by Staff Writers
Moscow (AFP) May 25, 2017
Russia on Thursday launched a probe into the deaths of three people in Siberian wildfires that have destroyed hundreds of homes and forced the authorities to impose a state of emergency.
Two people were found dead in the town of Kansk in Russia's Siberian Krasnoyarsk region, according to investigators in the region, who said a fire spread in the area due to hot weather and strong wind.
The victims, a man and a woman, had been exposed to heat and fire in the town where 52 homes burned down, the Krasnoyarsk branch of the Investigative Committee said in a statement, adding that a probe was launched into possible negligence.
Another woman died from a fire in her garden in neighbouring Irkutsk region, another area where authorities have declared elevated fire danger due to weather conditions.
The Krasnoyarsk region declared a state of emergency on Wednesday due to "difficult household and wild fire conditions and dry windy weather," the emergency ministry said.
Emergency workers were battling the flames in Kansk and two other villages and were trying to prevent forest fires from moving into residential areas, it said.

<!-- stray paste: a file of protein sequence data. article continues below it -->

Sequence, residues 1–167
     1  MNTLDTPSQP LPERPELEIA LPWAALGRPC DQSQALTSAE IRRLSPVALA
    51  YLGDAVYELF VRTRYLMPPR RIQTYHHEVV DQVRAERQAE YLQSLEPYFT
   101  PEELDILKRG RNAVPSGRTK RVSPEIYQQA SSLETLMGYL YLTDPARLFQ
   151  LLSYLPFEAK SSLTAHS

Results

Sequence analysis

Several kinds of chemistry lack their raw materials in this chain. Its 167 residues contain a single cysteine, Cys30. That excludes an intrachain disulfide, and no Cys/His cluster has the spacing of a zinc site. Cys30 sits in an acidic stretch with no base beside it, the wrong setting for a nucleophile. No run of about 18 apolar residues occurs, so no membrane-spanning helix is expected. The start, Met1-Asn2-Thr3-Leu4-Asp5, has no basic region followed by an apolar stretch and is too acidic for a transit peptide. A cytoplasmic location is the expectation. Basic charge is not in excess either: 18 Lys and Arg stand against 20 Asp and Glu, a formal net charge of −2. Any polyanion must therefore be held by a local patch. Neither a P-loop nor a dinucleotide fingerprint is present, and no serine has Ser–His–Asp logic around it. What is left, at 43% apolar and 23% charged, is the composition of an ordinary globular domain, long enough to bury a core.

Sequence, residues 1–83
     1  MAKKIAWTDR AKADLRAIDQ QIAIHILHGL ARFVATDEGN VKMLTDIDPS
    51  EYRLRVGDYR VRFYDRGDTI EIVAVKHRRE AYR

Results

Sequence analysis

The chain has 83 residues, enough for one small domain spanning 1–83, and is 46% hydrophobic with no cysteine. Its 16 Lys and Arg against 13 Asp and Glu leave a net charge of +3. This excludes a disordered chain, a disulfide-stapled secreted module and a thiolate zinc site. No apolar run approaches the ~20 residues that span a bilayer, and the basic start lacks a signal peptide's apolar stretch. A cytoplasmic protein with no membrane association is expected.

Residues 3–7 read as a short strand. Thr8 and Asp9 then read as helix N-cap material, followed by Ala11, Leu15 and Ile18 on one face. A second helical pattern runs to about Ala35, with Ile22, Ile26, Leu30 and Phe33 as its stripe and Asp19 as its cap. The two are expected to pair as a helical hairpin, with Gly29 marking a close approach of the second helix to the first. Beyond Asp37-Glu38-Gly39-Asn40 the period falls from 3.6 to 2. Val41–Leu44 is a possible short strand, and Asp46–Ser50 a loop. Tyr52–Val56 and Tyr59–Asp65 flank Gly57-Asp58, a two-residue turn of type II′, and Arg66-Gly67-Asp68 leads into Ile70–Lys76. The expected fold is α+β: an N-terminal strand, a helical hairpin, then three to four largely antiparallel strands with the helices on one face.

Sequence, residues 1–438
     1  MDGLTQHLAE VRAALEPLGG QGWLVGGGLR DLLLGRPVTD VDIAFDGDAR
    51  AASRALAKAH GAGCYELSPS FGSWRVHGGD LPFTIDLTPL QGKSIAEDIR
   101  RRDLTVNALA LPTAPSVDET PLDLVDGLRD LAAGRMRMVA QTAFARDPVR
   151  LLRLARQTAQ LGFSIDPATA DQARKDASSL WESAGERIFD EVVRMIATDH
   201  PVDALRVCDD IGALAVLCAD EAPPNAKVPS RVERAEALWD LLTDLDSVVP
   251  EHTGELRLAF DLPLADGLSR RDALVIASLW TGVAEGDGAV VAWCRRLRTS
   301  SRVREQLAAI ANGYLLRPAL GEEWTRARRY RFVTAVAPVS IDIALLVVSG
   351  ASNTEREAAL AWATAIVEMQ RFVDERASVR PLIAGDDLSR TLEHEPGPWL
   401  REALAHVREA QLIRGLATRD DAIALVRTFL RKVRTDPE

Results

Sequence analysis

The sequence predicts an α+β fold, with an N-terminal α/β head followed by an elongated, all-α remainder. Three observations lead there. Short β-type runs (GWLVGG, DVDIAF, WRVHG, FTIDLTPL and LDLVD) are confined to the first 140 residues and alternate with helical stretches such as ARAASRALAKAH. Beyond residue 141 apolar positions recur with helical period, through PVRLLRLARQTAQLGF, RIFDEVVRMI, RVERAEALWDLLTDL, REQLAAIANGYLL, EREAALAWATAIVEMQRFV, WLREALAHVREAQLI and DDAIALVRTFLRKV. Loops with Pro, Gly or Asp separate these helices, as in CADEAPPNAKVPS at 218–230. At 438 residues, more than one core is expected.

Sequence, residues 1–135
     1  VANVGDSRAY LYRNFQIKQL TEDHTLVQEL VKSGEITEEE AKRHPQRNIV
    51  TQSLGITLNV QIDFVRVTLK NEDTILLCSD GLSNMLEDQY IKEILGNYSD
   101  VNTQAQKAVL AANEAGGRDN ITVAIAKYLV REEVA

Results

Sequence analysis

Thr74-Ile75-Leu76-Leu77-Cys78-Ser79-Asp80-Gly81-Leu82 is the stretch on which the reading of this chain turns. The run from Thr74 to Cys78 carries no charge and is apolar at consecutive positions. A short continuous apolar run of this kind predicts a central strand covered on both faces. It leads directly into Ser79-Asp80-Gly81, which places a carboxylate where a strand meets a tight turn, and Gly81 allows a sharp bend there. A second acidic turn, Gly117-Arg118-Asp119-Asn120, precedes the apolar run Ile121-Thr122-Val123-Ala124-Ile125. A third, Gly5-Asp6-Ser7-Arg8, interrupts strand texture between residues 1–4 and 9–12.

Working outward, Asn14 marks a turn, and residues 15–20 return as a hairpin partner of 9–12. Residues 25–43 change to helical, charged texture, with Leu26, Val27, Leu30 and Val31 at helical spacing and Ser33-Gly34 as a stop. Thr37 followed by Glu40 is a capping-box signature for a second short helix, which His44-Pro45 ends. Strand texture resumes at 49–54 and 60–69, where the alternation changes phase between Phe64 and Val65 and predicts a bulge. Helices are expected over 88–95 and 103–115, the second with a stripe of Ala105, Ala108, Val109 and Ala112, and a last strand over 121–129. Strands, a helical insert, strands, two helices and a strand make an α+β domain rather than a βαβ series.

Russia's forest agency said over 2,000 people are working on containing 74 wildfires, mostly in Siberia and the Far East, and that the Zabaikalsky region has also declared a state of emergency.
Russia annually experiences devastating wildfires with the cash-strapped forest service struggling to cover vast expanses.
Greenpeace says the problem is caused by people burning dry grass, careless handling of fires and the underreporting of small blazes by the authorities, which often allows them to grow out of control.
On Thursday the environmental organisation said that 144 houses burned down in six villages on Wednesday alone from fires that were started by people.
Fort Mcmurray, Canada (AFP) April 30, 2017
A few late-season snowflakes flutter over Fort McMurray, their whiteness contrasting against surrounding forests blackened one year ago by the most destructive wildfire in Canadian history. "You don't know how it feels until you lose it all", says Steven Menard, 53, holding up a charred pair of his grandson's first ice skates, plucked from the rubble of his home. On May 1, 2016, a brushf ... read more
Forest and Wild Fires - News, Science and Technology
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